Kristal Dellay, who has been in the profession five years and teaches English, social studies, and reading at McGary Middle School, notes the emphasis on empowering teachers in both the Equity Academy and the Learning Leadership Cadre, a district-wide program with Brown University in which she also participates. “Many schools are striving for teacher empowerment — instead of change from the top down, change from the bottom up.”
Dellay, like Hartz, observed that not everyone is comfortable with the new approach. “When we have team meetings at my school, some teachers say, ‘Tell me what to do.’ Being really engaged entails taking initiative — it’s a different hat to wear.”
Within a common framework, each school has its say
More learning time — for teachers as well as students — is the linchpin of the Equity Schools strategy. Each school can add up to 20 teaching days for students per year, plus five professional development “data days” during which teachers learn to analyze and use data to enhance student achievement.
The school day will stay at 7 hours, 15 minutes. But how that time is used may change — for example, one Equity School will be serving breakfast in classrooms to increase learning time.
“We didn’t lengthen the day because that would disrupt extracurricular schedules throughout the city,” said Hartz. “We also looked at research — what’s best for kids. Many middle school kids take care of younger siblings, so a longer school day doesn’t work for them.”
Meeting students where they are
The realities of students’ lives and needs have shaped the entire strategy. “When schools are chronically underperforming,” says Bertram, “some point to ineffective teachers or leaders. What we’ve discovered is that these schools have a high percentage of students who start three or four years behind and just can’t catch up.”
Building students’ confidence in their ability to achieve is an important part of the process. “Kids at McGary have a mentality that they’re failing — they may not even realize they see themselves that way,” says Clark. They don’t have tons of parent involvement or support systems — they’re caught in a cycle of failure at school and struggle at home. We need to find ways to build connections with parents — to make the school more than a just a place where they send their kids.”
Clark finds that meeting parents on their home turf is a good way to build connections. “I visit them at home,” he explains, “because a phone call, letter or email is making contact the way a bill collector would — and that’s not good.”
Dellay agrees that personal connections are crucial. “Literacy skills are a challenge for some of our students — they don’t grow up in rich environments. So we’re focusing on what we can control: making connections and team building. We’ve added days at the beginning of the year — similar to what many colleges do — where teachers spend time with students, get to know them as people, and encourage them to take pride in their school and their own behavior. There’s an old adage: Students don’t care how much you know until they know how much you care.”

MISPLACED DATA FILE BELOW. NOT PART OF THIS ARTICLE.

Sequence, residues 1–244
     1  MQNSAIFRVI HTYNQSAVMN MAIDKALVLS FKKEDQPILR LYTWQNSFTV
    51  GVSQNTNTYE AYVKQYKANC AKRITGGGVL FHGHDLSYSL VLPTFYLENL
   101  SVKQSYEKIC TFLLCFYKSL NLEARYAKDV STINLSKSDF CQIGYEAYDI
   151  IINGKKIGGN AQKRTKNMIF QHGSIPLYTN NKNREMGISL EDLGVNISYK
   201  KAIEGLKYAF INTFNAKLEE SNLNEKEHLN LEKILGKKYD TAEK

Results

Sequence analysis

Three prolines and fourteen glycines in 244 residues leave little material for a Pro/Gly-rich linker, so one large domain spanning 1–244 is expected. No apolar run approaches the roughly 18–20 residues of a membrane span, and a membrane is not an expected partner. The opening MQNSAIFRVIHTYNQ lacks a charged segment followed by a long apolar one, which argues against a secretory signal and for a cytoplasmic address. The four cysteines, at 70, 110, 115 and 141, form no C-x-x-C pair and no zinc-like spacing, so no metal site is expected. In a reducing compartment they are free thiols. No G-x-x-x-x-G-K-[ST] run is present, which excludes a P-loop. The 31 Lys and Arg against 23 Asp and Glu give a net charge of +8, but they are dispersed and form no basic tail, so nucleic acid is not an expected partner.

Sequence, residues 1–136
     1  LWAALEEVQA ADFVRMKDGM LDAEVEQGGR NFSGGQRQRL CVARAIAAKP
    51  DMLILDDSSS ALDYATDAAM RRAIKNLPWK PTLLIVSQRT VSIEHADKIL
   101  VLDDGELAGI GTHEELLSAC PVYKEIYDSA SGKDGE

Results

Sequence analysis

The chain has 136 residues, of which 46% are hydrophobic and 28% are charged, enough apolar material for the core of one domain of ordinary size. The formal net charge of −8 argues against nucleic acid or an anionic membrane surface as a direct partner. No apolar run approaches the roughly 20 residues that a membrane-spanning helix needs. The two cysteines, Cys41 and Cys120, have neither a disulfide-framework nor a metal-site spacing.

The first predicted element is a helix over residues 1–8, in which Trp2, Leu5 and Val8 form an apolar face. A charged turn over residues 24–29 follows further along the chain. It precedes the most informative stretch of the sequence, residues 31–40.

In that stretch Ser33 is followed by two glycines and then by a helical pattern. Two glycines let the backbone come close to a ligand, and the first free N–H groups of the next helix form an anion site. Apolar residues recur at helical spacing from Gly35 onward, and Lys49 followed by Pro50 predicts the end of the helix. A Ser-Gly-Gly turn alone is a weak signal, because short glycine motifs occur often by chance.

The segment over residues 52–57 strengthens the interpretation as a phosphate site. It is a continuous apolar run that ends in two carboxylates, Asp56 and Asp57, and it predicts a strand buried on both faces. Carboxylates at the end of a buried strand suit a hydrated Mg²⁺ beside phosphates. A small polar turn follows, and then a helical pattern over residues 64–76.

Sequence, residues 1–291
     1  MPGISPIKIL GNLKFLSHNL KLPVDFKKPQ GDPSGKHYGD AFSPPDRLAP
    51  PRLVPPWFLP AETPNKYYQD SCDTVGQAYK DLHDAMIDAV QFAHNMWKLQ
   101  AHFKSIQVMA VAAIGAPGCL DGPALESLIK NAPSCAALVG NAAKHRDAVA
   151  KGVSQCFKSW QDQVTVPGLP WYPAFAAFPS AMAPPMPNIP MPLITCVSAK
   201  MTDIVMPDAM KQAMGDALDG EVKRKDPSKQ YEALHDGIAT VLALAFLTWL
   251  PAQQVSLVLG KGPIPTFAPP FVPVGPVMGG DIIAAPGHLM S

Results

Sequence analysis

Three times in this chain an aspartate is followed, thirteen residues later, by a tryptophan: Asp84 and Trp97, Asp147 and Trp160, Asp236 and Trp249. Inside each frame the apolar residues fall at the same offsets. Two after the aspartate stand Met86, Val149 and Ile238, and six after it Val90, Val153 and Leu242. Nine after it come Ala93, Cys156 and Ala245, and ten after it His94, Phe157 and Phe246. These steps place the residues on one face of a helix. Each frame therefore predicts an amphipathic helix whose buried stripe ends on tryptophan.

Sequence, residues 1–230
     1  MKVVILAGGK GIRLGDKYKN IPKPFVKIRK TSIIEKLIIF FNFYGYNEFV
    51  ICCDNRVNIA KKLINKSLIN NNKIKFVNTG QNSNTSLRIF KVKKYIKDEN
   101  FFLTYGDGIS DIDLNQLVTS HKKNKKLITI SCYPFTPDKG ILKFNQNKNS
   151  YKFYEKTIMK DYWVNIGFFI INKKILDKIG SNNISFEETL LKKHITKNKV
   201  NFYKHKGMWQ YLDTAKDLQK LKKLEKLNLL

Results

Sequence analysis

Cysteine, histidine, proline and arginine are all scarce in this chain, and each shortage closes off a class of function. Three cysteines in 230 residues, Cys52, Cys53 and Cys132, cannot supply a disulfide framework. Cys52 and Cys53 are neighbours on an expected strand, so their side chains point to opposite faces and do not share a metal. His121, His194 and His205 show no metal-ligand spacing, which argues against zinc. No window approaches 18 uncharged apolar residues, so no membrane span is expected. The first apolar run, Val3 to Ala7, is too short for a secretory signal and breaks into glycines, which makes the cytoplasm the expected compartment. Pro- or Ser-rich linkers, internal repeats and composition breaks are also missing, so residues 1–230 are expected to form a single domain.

Increased efficiency pays dividends in professional development
The school district is paying for enhanced professional development by cutting costs elsewhere. “We’re using targeted cuts, not across-the-board,” Bertram said. “Everything is not created equal — we set priorities. Increasing class size or cutting great teachers affects kids, so it’s off-limits.”
The district saved $8 million by revamping distribution systems and consolidating support services to increase efficiency and eliminate duplication. Administrative staff who had been scattered among four sites now work in the same place. The district put its central office — a historic building in a prime location — on the sale block. The proceeds will be used to remodel a warehouse, which the district already owns. The move will bring long-term savings in utility costs, which are expected to keep rising, along with energy costs, as regulation of carbon emissions and other climate-control measures take hold.
Bertram has also succeeded in doing what Congress has been talking about for years: cutting health care costs. “We did it by going on the open market and getting competitive bids,” he said. “Another company offered to do the job for 22 percent less ($3.7 million) than the vendor we had been using. We’re a big group — 3,300 people — and health insurers want our business.
“We need to talk, collaborate, and learn from one another.” — Debbie Hartz, Equity Academy instructor
“Freedom is a gift, but it comes at a price.” — Keith Gambill, Evansville Teachers Association president
“Students don’t care how much you know until they know how much you care.” — Kristal Dellay, middle school language arts teacher
“We learned to think outside the box without a safety net.” — Brett Clark, middle school math teacher